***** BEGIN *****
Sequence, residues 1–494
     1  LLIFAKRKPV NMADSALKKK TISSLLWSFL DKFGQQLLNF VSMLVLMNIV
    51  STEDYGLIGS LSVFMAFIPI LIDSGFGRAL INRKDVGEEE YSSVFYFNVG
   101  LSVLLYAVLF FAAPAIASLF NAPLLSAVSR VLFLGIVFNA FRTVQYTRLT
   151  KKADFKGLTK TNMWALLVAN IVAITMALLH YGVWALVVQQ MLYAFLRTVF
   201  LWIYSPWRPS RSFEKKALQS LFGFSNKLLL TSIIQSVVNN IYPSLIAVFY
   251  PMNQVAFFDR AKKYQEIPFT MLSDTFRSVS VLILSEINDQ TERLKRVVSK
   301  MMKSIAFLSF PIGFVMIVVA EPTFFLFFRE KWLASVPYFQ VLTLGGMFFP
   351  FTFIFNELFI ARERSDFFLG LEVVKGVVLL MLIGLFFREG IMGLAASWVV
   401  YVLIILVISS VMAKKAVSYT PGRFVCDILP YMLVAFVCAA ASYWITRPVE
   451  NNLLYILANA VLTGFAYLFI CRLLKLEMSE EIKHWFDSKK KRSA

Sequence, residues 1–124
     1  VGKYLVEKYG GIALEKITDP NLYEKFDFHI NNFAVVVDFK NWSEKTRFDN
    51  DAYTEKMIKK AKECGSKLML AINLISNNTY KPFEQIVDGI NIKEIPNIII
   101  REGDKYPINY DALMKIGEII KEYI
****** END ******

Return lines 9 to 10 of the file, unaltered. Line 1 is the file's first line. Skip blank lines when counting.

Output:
   351  FTFIFNELFI ARERSDFFLG LEVVKGVVLL MLIGLFFREG IMGLAASWVV
   401  YVLIILVISS VMAKKAVSYT PGRFVCDILP YMLVAFVCAA ASYWITRPVE